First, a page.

Tuesday, December 25, 2007
The U.N. Insignia Emerges as a Global Target for Al-Qaeda AttacksIf anything, the U.N. leadership has shown a degree of complaisance toward al Qaeda in recent years. Why would Osama bin Ladin's terror organization go after them?
By Colum Lynch, Washington Post Staff Writer
United Nations -- The suicide bombings that ripped apart the U.N. headquarters building in Algiers on Dec. 11 and killed at least 37 people, including 17 U.N. employees, provided a bloody demonstration of the United Nations' emergence as a key target in al-Qaeda's global war against the West.
This year, al-Qaeda and its affiliates have threatened or targeted U.N. officials and peacekeepers in conflict zones in Afghanistan, Iraq, Somalia, Sudan and southern Lebanon, where six U.N. peacekeepers were killed in a bombing in June. (link)
I'll tell you why. Because the U.N. revealed its profound weakness when it showed itself playing into the hands of terrorists in 2003. And al Qaeda is capable only of attacking the weak.
Thus we see al Qaeda chasing down defenseless U.N. employees across the globe.
When will the world community learn?
The Other HalvesCouple these two facts: (1) Bill Clinton ran for president twice and received a majority of the vote neither time. (2) Fully 50% of voting-age Americans have told pollsters that they'd never vote for Hillary. Combine the two and ... what reality-challenged political strategist in the Democratic Party is pushing this candidacy?
By Emily Yoffe, writing in The Washington Post
Could this be the first presidential election in which the public's feeling about a candidate's spouse is a deciding factor? This isn't the gender breakthrough we anticipated when Hillary Clinton entered the race -- it feels more like a gender throwback. The customary job of the spouse is to humanize the candidate without becoming an issue. In that sense, Bill presents huge dangers for Hillary.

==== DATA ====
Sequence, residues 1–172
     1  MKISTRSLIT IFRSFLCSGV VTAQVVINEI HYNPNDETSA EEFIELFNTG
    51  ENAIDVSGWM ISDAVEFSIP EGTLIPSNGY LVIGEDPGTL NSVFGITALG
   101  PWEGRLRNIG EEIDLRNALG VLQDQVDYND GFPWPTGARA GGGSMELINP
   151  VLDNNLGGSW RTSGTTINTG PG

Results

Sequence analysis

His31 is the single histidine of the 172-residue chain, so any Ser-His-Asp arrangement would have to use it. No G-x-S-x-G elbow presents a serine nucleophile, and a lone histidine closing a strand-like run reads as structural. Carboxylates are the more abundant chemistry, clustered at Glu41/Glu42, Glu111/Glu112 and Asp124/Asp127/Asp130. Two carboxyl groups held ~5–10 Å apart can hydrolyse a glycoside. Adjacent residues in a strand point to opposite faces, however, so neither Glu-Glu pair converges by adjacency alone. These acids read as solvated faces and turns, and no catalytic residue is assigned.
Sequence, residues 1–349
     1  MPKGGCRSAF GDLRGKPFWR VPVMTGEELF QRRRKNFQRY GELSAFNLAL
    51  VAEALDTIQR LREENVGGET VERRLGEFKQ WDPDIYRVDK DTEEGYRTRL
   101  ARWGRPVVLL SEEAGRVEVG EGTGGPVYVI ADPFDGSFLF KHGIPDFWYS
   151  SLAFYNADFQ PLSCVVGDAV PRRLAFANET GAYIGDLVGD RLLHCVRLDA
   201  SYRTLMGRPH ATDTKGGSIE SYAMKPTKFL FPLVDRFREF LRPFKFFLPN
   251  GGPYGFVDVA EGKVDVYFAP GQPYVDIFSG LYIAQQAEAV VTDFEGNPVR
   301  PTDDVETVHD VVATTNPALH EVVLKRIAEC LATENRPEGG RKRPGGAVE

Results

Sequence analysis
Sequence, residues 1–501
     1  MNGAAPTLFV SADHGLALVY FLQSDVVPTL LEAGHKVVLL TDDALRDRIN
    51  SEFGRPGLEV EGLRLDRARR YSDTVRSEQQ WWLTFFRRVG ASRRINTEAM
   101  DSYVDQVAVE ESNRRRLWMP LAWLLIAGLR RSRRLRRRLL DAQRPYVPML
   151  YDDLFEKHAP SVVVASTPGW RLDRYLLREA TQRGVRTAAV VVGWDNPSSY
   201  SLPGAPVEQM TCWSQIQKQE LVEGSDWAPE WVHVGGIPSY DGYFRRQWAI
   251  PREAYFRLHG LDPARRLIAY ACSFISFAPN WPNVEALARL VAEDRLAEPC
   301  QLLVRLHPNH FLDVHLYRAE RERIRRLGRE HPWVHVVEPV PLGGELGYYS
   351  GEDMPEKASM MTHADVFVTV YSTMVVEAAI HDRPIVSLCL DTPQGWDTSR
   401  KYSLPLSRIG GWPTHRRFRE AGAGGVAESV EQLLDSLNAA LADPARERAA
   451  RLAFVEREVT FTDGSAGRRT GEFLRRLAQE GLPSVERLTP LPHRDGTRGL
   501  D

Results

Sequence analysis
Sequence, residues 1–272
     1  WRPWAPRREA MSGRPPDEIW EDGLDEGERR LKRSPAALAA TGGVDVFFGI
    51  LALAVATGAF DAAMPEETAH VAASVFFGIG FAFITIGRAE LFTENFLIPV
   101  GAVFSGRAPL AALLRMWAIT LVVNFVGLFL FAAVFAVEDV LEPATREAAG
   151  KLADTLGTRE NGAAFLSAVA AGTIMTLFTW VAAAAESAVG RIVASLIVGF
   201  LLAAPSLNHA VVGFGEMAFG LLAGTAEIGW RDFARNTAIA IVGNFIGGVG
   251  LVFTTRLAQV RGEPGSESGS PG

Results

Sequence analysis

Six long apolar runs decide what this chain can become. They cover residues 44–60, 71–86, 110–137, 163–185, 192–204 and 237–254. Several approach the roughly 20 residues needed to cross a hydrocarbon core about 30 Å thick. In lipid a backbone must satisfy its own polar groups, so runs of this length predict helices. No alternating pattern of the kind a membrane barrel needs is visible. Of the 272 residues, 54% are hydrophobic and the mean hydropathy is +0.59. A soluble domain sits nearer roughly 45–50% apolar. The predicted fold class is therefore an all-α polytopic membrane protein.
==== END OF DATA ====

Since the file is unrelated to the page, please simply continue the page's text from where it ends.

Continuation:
[S]eeing so much of them together could remind people of that troubled couple in their social circle -- whether you love him, hate her, or vice versa, you're just not sure anymore how much of them together you can take. (link)
I'm going to give him a bit of slack here and suggest that Smith, always the comedian, let his mouth get out in front of his thought processes:
Smith: 'Hitler was a good person'
By World Entertainment News
Will Smith has stunned the world by declaring that even Nazi dictator Adolf Hitler was essentially a "good" person.
The Men In Black star, 39, is determined to see the best in people, and is convinced the former German leader did not fully understand the extent of the pain and suffering his actions would cause during his time in power in the 1930s and '40s.
He says, "Even Hitler didn't wake up going, 'Let me do the most evil thing I can do today'.
"I think he woke up in the morning and using a twisted, backwards logic, he set out to do what he thought was 'good'. Stuff like that just needs reprogramming." (link)
Whatever that means.
For what it's worth, I'm not sure the reporter is any more knowledgeable about history than is Smith. The last sentence in the article reads:
Hitler's totalitarian leadership as Fuhrer during 1934 until his eventual suicide in 1945 resulted in the persecution of an estimated six million Jews in the Holocaust, and his invasion of Poland in 1939 led to the start of the Second World War.To persecute is to abuse. To maltreat. Those six million Jews weren't persecuted. They were rounded up and slaughtered.
I fear for my planet.
Out of that bit of history comes this story:
From the most horrific era in world history comes a story of faith, hope, and charity.
WWII POWs' creche lives on
By Stephen Dinan, The Washington Times
Algona, Iowa — The surrenders and paper peace treaties had ended World War II for the politicians and the newspapers months earlier, but that meant little for the thousands of German war prisoners still awaiting their fate in Camp Algona at Christmastime 1945.
Into that came the Algona Nativity, a half-life-sized, 60-figure creche scene built by a handful of prisoners of war at Camp Algona — a gentle reminder of God and humanity that touched both the prisoners and the town and seemed to say, "Yes, peace can begin here now, too."
Sixty-two years later, it is open to the public every December — and bucking the trend, its Iowa caretakers have avoided commercialization and overmarketing. It's in a small building on the Kossuth County fairgrounds, and almost like those who spend Christmas or Easter in the Holy Land, pilgrimages are still made to Algona to see the creche. (link)
A Christmas story.
Photo courtesy of The Washington Times